As a resident of Brunswick for almost 25 years, I thought that this community had escaped the political bigotry that has become all too common at the state and federal levels. Unfortunately, the Jan. 13 school board meeting changed my mind.

Jews, who arrived in the Americas on Columbus’s very first voyage, are not an “outside group,” unless all non-indigenous people are considered outsiders. Islam, whose adherents number more than 1.6 billion worldwide, is hardly a “not-mainstream religion.”

I like to believe the statements made on Jan. 13 are not representative of the views of Brunswick residents as a whole. If my belief is true, then I urge those who have more tolerant views to consider running for election to the school board next November.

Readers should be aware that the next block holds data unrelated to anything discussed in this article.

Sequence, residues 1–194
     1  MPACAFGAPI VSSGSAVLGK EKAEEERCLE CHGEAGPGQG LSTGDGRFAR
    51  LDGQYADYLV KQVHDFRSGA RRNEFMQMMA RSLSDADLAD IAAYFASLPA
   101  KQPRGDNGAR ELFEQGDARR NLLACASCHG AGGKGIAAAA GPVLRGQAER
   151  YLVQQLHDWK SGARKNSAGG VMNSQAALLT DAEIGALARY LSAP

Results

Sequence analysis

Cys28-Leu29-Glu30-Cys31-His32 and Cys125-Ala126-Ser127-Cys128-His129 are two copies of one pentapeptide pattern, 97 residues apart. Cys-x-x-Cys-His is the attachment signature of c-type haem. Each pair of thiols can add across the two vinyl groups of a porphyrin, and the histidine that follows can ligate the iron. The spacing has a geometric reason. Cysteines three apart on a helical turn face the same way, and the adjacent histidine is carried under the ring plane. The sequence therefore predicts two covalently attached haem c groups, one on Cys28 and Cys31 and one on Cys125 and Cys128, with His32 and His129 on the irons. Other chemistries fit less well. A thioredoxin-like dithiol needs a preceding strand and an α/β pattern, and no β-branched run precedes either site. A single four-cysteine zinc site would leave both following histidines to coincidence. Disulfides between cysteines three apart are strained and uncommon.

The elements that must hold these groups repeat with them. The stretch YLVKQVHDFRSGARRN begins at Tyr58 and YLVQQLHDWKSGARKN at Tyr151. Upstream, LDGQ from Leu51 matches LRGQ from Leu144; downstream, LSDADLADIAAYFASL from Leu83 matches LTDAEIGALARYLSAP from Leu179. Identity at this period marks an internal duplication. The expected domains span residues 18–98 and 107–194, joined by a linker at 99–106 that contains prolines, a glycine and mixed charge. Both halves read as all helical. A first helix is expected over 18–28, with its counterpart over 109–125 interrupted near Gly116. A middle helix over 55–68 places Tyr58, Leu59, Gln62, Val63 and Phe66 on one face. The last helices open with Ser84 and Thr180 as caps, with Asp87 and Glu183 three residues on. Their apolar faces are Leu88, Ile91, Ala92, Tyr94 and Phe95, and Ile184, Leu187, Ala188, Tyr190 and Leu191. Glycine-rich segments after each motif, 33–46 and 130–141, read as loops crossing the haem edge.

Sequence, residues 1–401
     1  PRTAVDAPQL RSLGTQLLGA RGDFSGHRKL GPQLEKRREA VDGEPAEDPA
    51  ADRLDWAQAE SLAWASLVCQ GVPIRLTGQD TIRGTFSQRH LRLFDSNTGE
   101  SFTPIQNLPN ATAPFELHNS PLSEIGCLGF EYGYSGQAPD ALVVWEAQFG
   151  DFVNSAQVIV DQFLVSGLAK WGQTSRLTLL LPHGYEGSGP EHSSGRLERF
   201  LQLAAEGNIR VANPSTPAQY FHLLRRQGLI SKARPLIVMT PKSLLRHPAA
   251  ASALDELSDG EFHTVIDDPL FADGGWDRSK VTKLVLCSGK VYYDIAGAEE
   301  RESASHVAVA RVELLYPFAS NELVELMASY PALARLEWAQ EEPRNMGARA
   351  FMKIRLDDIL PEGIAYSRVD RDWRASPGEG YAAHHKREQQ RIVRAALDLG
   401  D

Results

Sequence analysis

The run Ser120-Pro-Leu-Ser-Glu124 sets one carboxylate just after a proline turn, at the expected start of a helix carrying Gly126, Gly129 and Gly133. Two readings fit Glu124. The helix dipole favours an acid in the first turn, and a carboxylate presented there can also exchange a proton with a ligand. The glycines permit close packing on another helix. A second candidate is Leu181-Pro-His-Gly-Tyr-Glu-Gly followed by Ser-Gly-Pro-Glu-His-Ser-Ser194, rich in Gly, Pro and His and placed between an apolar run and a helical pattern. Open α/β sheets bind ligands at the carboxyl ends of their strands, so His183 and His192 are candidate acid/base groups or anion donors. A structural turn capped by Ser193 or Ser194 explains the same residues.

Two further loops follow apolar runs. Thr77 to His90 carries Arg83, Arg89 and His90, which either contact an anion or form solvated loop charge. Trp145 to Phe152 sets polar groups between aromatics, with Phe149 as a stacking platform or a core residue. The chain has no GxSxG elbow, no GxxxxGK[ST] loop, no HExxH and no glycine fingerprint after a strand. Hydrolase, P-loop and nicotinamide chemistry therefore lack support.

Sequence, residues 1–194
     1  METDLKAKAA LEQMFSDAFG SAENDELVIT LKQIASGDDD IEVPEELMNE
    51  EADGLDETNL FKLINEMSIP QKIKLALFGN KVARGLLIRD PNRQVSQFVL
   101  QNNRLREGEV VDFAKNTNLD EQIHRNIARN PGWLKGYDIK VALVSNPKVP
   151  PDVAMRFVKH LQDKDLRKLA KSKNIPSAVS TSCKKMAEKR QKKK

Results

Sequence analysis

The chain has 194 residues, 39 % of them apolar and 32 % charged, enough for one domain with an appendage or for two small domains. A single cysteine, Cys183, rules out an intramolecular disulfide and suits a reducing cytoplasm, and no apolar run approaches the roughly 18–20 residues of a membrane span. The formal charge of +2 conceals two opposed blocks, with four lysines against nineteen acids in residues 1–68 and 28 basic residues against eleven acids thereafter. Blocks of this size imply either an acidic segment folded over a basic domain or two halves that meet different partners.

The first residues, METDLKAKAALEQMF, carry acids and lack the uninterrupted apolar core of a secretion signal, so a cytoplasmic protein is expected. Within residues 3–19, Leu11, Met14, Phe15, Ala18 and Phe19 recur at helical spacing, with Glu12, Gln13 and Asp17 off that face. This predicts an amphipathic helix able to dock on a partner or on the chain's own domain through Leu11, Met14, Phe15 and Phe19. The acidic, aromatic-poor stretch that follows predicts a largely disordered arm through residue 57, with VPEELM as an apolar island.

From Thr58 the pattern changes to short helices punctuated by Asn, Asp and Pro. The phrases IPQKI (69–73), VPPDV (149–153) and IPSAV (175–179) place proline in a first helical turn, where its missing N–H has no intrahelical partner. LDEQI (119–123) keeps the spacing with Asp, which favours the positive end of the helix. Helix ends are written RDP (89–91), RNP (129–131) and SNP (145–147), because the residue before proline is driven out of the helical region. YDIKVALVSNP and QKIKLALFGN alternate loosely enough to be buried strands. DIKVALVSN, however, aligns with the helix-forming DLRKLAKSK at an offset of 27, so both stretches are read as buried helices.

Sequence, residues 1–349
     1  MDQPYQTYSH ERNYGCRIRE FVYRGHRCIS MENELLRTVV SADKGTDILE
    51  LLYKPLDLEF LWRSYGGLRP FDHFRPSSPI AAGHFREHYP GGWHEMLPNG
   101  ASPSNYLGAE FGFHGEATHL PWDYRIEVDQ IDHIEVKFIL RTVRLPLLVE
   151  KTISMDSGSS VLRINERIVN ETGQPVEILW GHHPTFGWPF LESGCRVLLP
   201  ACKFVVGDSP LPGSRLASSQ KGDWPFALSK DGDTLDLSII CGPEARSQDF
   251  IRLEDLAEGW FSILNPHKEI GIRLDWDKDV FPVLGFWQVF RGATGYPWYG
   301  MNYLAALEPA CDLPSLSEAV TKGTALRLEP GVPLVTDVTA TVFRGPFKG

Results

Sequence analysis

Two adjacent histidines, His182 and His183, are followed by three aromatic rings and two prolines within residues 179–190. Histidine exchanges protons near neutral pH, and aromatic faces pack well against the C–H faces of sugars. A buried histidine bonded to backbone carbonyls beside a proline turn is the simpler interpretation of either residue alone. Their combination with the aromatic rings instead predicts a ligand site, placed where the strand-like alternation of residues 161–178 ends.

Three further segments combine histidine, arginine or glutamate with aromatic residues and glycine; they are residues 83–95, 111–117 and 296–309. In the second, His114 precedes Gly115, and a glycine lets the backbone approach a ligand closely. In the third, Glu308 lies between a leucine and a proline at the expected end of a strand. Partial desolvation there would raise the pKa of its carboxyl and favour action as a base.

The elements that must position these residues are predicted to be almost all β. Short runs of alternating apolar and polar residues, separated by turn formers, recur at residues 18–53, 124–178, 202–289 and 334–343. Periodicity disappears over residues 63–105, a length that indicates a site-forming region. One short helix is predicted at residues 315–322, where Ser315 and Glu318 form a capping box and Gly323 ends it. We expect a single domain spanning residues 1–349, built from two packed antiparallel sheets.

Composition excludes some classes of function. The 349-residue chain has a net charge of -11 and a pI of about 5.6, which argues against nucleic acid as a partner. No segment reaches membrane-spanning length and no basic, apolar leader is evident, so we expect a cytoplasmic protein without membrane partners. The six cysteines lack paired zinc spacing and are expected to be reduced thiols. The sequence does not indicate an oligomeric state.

Part of the problem, I fear, is that Brunswick suffers from a case of political apathy. Over the past three election cycles, only two of nine school board races have been contested. For that matter, only three of nine town council races have been contested.

In my opinion, voters need to set aside their complacency and throw their hats in the ring. I challenge Brunswick residents to find at least two well-qualified candidates to run for each of the three School Board and three town council seats on the ballot.

Contested races lead to a thorough discussion of the issues this community faces and give voters a choice of potential leaders. Uncontested races may lead to a maintenance of the status quo.

Michelle A. Small,